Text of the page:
Written on February 24, 2011 – 7:45 pm | by Cameron Hussey
A classic R&B/pop concert featuring former “American Idol” contestants David Hernandez, Michael Sarver, Gina Glocksen & Lakisha Jones
Where: St. George Theatre, 35 Hyatt St., 718-442-2900; StGeorgeTheatre.com.
When: March 5. Master class at 5:30 p.m., concert at 8 p.m.
How much: $55 VIP tickets include master class, concert tickets are $45, $35, $25 at the box office & Ticketmaster.com.
Enter to win: Want free tickets to the “American Idol” master class at the St. George Theatre? Call 718-816-8380 and leave us a musical message: Sing us a snippet of your favorite song, leave your name and your phone number. The AWE team will listen to each voicemail, do our own “Idol” judging, and call back two lucky winners! STATEN ISLAND, NY — David Hernandez, the svelte-but-big-voiced 12th place finalist from the seventh season of “American Idol,” has some advice — advice that no one ever really gave him — for aspiring young singers.
“When I first started performing, I thought you always had to run around stage to keep people’s attention,” says the 27-year-old Las Angeles resident. “But your performance can be much stronger and more compelling if you stand in one place. Some of the best performances I’ve seen on ‘Idol’ were ones where the singer barely moved, and commanded people’s attention with stillness.”
Hernandez and three other “Idol” stars—Michael Sarver, Gina Glocksen, and Lakisha Jones — will bring nuggets of wisdom like that one when they visit Staten Island for a performance and a master class March 5 at the St. George Theatre.
As singers who made it through many of the cuts in their respective seasons, country singing Sarver, chick rocker Glocksen, and R&B powerhouse Jones all had the chance to hear plenty of “advice” from Simon Cowell, Randy Jackson, and Paula Abdul.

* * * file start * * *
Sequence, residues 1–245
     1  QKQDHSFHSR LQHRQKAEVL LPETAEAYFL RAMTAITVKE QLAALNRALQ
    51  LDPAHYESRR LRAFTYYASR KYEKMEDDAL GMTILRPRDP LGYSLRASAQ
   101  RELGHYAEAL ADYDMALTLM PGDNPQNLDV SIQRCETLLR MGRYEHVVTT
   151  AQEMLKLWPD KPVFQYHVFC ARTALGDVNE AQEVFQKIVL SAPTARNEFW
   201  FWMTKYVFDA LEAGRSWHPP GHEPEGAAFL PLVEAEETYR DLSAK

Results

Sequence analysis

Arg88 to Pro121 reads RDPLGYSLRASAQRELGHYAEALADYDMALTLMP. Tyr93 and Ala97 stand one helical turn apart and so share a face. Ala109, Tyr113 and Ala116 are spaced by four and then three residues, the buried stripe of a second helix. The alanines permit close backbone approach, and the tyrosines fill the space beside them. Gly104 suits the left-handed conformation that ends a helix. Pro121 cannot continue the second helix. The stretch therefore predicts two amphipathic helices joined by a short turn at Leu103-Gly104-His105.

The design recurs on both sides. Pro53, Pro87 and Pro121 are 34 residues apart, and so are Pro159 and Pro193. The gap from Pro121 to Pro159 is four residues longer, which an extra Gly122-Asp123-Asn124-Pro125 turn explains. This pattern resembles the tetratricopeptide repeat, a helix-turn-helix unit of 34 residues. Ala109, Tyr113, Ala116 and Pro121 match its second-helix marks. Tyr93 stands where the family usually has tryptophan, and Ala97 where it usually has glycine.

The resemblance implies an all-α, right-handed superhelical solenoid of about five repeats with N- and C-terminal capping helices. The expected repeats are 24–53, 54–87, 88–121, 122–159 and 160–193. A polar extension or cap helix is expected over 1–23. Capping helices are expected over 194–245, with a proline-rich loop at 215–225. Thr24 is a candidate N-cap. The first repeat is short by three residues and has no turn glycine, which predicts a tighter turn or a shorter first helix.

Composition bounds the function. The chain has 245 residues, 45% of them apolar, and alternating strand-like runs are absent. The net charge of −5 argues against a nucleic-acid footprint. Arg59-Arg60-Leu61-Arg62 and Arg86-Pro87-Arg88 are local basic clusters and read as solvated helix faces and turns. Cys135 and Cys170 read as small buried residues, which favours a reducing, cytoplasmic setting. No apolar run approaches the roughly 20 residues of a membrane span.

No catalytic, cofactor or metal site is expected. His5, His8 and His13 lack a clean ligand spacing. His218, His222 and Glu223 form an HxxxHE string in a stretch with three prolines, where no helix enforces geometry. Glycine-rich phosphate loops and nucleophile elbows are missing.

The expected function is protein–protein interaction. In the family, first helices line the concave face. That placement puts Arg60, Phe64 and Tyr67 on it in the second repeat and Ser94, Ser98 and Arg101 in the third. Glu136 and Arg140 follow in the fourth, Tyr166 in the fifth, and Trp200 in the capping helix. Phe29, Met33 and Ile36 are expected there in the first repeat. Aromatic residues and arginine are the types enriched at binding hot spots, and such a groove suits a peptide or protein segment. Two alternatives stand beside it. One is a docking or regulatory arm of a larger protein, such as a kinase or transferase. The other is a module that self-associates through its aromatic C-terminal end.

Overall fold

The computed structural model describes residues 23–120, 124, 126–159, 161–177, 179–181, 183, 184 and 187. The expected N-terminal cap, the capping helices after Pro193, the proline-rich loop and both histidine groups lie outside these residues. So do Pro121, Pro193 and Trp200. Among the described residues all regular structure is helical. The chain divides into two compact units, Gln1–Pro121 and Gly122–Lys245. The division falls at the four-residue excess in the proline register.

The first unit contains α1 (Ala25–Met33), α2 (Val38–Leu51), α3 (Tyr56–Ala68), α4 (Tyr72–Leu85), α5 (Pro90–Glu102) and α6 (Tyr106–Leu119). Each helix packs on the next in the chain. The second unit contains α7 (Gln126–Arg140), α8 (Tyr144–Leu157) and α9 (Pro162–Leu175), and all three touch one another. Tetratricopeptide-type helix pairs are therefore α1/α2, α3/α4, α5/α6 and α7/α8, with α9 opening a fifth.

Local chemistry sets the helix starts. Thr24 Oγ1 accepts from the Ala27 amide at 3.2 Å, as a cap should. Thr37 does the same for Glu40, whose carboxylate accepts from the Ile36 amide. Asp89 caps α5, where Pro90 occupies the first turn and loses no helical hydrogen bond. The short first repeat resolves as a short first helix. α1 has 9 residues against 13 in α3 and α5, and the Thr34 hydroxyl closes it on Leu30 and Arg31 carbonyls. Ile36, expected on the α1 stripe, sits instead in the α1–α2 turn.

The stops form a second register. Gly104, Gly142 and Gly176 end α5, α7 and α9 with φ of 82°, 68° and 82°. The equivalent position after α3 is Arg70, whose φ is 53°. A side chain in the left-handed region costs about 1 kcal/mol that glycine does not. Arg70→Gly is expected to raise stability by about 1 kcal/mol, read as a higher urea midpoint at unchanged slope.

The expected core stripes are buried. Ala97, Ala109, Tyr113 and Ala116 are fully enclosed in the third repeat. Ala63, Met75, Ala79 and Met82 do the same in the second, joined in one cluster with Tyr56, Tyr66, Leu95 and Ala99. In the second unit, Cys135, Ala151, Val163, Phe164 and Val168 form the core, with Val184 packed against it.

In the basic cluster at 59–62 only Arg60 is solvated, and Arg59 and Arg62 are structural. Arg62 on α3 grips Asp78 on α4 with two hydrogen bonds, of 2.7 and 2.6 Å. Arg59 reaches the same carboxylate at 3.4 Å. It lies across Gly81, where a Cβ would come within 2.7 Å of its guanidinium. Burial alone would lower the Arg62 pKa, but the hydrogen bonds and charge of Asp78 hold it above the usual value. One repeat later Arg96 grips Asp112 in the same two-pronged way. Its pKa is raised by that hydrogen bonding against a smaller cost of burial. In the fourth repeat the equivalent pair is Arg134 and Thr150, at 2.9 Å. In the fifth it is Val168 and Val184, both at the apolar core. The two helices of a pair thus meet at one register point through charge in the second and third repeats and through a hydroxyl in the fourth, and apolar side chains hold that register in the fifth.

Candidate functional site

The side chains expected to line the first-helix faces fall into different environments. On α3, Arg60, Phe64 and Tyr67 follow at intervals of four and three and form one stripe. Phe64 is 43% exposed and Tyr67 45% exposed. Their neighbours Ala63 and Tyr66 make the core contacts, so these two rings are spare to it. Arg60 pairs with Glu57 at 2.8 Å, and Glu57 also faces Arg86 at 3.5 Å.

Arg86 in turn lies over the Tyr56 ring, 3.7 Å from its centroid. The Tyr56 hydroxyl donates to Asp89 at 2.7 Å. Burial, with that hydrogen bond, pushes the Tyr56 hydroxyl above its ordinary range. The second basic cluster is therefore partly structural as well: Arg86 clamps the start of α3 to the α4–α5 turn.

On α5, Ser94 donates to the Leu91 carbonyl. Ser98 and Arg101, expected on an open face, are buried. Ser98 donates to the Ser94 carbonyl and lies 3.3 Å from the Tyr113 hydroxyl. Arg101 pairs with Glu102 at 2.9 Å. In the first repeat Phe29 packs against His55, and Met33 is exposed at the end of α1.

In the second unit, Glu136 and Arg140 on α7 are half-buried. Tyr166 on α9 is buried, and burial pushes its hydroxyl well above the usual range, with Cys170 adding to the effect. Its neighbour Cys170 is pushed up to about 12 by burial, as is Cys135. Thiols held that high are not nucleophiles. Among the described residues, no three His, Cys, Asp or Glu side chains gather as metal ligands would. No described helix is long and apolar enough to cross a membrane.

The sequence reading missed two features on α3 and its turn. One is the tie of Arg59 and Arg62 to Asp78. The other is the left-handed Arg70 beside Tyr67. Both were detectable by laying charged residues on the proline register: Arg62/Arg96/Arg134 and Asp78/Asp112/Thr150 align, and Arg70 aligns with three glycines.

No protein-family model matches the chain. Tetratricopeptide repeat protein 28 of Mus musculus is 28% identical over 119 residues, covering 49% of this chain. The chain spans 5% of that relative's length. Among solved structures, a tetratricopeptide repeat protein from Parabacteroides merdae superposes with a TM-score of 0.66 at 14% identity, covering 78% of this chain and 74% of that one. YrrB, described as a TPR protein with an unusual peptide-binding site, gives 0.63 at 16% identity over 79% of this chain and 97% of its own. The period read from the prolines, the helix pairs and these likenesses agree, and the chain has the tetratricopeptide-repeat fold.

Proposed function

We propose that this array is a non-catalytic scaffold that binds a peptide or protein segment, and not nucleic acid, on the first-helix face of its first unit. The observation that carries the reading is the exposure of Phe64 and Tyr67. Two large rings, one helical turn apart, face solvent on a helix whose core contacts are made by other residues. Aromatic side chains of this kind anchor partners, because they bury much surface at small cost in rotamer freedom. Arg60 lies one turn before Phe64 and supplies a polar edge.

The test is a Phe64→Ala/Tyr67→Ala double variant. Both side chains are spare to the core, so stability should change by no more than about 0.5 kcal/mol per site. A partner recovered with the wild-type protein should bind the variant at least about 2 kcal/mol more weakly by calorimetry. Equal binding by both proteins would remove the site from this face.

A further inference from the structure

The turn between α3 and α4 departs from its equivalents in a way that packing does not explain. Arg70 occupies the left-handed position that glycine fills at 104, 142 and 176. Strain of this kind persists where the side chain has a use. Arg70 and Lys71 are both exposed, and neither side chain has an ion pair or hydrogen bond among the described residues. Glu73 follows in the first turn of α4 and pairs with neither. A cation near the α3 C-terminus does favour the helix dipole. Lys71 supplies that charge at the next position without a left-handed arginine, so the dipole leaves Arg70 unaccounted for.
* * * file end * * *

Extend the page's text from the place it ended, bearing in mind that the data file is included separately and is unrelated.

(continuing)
And it might surprise you who they miss on the current season, which features judges Jennifer Lopez and Steven Tyler.
“I miss Simon — he and I hit it off from the very beginning,” says Jones, 31, who lives across the street from Hernandez in Los Angeles. “When I first sang on the big stage, he told the other 23 contestants they could go home. He’d never said that to anyone else.”
Jones is likely the most qualified to perform the concert on March 5, titled “Celebrate Motown,” which will feature everything from songs by Diana Ross to the Jackson Five. Growing up in Flint Michigan, not far from Motown Records’ home base of Detroit, she was weaned on the legendary label’s catalogue.
“I grew up on Motown,” says Jones, who came in fourth on the sixth season of “Idol.” “My mom, my grandmother, we all listened to it. At our family reunions, we had talent shows, and I can remember my mother and my aunt as The Supremes, dancing around and shakin’ it.”
Jones says there’s always one big question she hears when she and her fellow singers do a master class: “How is life on ‘Idol’?”
“Once you get past that, you have people asking you about your own technique, how you save your voice,” says Jones. “Or if they’re aspiring performers, sometimes they ask about how to get into the business and protect yourself in the industry.”
Sometimes the master class will include letting singers in the audience come up to perform on stage — other times people will bring in music and ask the performers to sing it. Jones says the classes are always a lot of fun, because they allow a relaxed atmosphere for aspiring and seasoned performers to trade open secrets of the business.
Example: Don’t expect to skyrocket into show business after this one class, or stow away on the “Idol” tour bus.
Hernandez and Jones both said that one of the biggest things you learn from making it anywhere on “American Idol” is that show business isn’t for the faint of heart.
But they both love what they do.
“I don’t want to make it sound easy, because it’s not,” says Hernandez, who is currently working on a full-length studio album and trying to break into the movie business as a “double-threat”performer. “There are a lot of fake people in this business, who say they want to get coffee, want to do lunch, and then they don’t return your calls. Sure, it’s not wrestling alligators for a living, but it takes a lot of hard work and patience. But if you reach a certain point, and you can just go out on stage and perform and do well, it’s pretty fantastic.”
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